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Financial Literacy

A guide for financial literacy tools and resources.

Making a Plan

Budgeting 

Whether you are trying to reduce debt or interested in pursing investment opportunities, creating a budget is the best place to start. Budgets give you a realistic picture of how much money you are bringing in and spending in a given month. There are many tools, calculators, apps, and worksheets online that can help with this process. Or use the attached excel worksheets to get started.

Simply input your income after taxes and other sources of income (benefits, stipends, allowances, etc.) and subtract reoccurring expenses, including essential and nonessential expenses. If spending varies from month-to-month, averages or estimates can also be used.

Budgeting Decisions 

1) If you have a surplus of cash, you can decide what to do with your additional money. Some options include: 

  • Contribute to emergency fund to cover unexpected expenses in the future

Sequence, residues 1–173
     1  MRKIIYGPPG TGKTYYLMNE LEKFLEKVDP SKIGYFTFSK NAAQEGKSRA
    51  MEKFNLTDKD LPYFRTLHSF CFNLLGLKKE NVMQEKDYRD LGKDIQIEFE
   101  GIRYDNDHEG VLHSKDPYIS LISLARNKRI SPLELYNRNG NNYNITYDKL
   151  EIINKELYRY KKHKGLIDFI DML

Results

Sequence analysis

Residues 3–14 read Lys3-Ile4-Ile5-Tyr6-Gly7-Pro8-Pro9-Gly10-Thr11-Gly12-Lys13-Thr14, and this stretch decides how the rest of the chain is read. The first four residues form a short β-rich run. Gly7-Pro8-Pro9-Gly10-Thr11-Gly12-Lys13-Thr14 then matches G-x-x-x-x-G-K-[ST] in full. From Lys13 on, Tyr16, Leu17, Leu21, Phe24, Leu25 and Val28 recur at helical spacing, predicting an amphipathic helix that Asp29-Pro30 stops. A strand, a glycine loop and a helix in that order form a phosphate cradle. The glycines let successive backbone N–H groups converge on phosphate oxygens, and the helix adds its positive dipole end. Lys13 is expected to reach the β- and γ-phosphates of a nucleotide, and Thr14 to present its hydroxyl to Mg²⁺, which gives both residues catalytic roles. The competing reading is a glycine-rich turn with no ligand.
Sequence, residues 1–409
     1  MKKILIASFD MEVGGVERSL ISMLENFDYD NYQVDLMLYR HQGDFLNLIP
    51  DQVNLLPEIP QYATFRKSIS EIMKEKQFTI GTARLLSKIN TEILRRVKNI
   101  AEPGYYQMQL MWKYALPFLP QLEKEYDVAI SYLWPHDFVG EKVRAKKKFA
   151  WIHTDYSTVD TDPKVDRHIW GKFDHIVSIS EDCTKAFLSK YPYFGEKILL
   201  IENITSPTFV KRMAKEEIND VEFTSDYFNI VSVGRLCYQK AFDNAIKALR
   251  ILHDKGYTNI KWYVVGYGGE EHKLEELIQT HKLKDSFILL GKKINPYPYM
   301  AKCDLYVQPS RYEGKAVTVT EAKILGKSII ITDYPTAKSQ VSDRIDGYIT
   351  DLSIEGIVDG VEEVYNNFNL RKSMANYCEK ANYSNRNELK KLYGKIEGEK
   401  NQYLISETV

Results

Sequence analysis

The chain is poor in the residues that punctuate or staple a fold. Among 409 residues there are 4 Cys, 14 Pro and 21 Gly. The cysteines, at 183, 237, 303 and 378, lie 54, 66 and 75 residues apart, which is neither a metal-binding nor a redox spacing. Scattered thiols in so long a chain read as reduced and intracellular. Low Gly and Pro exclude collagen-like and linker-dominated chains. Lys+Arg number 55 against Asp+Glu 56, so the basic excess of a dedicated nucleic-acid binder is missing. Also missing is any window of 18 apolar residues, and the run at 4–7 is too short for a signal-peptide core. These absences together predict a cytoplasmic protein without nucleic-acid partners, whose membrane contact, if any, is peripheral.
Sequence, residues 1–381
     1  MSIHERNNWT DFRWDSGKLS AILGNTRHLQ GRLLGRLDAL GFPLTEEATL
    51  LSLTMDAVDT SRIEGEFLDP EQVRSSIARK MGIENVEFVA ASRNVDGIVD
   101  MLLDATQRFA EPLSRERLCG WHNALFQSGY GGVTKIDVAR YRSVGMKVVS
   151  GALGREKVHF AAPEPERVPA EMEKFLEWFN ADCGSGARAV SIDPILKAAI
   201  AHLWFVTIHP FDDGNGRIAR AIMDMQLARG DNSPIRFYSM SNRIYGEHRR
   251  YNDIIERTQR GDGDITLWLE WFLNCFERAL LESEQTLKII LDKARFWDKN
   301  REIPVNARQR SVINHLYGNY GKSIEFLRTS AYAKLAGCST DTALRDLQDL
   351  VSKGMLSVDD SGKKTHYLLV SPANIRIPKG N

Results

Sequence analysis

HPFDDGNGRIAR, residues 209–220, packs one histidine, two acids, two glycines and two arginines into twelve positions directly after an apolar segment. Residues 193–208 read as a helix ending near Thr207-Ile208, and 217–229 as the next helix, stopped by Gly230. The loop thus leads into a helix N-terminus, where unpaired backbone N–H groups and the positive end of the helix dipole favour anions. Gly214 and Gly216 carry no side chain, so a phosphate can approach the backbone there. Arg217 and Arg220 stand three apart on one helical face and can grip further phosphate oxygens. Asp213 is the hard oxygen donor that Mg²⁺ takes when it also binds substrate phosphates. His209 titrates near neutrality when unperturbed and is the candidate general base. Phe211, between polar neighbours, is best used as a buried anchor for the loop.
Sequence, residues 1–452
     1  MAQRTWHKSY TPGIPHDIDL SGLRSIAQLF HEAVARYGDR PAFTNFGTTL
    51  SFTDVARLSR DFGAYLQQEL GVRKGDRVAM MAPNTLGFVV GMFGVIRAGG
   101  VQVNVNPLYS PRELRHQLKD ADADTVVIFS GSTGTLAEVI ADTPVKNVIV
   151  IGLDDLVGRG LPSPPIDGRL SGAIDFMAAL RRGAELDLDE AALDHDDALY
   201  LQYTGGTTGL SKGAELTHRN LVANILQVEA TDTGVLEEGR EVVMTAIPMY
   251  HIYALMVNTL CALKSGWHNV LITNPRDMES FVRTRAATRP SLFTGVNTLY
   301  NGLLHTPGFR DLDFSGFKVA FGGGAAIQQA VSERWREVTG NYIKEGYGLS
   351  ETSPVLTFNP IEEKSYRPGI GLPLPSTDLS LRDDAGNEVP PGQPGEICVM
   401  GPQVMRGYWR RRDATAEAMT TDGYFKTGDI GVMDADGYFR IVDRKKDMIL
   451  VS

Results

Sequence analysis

• Pay down credit card or long-term loan debt 
  • Increase your retirement contribution 
  • Invest a portion of your income in stocks, bonds, or cash equivalents
  • Or adjust your budget to allow for a few additional discretionary items, like entertainment and travel

2) If you are spending more than your income, look for ways to cut your expenses. 

  • Eat out less and plan to make affordable meals from home 
  • Cut non-essential entertainment expenses, such as streaming video subscriptions 
    • Consider taking advantage of free public services, such as books, audiobooks, and media available at your local public library. 
  • Conserve energy to reduce utility expenses
  • Negotiate with credit card company to reduce interest expenses

50/30/20 Rule 

In general the 50/30/20 framework is a good rule of thumb to shoot for in your budget. From your net income after taxes, fifty percent of your income to should go towards living expenses, such as housing, food, utilities, and transportation. Thirty percent should go towards discretionary spending or "wants" such as clothes, entertainment, and eating out. Finally, twenty percent should go towards your future financial goals, whether that be saving and investing in your future, or paying down debt.  

Budgeting Guides

Other Budgeting Tools 

Career Decisions & Income

Salary Research 

Budgets start with a salary or income, and for those preparing to graduate soon, it may be worth looking at salary benchmarks, salaries by location, and cost of living before you accept that offer letter. Here are a few resources to inform your big decision.